The Michael Jackson project I did of virtual MJ posthumously singing and dancing to an unreleased song "live" at the 2014 Billboard Music Awards caught the eye of music producer Simon Fuller and the band ABBA. They asked me to recreate the band as their younger virtual selves for a music video, complete with dialogue and song.

Through a process developed and improved upon over the 10 years leading up to this project, we codified the individual persona of each band member and then leveraged machine learning tools to train their facial rigs. The finished video contains eight minutes of novel performance by all four ABBA characters having a conversation and singing a new ABBA song. This technique reinforced our efforts to achieve likeness via anatomically correct facial muscle, eye, and mouth models. Using physically based lighting and shading in Arnold, we were able to render realistic skin, eyes, teeth, and hair. This is not a deepfake, it's original character content.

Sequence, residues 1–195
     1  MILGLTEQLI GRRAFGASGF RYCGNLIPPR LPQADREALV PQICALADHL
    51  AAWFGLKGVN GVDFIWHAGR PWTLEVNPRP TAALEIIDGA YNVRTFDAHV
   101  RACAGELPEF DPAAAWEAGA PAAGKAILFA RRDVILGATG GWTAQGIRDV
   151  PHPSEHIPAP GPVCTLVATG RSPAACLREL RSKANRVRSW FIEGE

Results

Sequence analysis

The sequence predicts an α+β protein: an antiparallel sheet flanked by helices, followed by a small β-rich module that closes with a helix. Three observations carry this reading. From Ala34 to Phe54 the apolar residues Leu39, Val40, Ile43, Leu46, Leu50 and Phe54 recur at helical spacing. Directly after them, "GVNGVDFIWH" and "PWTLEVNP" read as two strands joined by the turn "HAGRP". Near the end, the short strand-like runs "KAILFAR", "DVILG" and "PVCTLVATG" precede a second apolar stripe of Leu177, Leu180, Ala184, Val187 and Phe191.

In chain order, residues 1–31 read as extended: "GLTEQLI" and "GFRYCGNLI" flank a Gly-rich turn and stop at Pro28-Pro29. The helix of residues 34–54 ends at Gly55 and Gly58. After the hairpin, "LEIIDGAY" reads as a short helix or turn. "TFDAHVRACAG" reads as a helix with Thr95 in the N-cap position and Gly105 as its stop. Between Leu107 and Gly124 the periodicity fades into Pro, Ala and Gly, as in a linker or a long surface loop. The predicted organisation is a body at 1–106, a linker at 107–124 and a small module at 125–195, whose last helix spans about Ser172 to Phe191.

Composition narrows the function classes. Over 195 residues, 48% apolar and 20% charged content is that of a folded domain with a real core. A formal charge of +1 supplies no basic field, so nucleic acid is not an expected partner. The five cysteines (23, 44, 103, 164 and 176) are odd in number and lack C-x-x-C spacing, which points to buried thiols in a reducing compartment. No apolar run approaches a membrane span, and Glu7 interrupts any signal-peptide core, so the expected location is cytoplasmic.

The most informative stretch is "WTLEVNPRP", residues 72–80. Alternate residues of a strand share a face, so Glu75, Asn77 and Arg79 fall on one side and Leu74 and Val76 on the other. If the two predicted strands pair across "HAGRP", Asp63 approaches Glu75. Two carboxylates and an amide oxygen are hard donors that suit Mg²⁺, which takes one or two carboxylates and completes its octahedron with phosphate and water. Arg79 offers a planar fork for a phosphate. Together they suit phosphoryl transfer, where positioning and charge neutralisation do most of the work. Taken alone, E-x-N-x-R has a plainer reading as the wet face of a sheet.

In order to recruit the specialized artist and technical talent scattered across the world, we established a virtual musician production company of 50+ and built a cloud-first production pipeline, including an asset management system that offered a continuous interface with in-house and remote artists across the world. This new business model has no reliance on local servers nor local artist workstations, and effectively decentralizes staffing, asset, and production management.

The completed video is stuck in a legal quagmire and probably will never be released.

Full digi head, neck and hair pupeteered by the codified persona of virtual Agnetha delivering an original eight minute performance.

We have now established that it is possible to install a unique individual persona into a believably realistic digital double. While this is, indeed, legacy-building, the question is whether there is something meaningful to preserve (IoT), or if it’s just an exercise in vanity. Possibly both.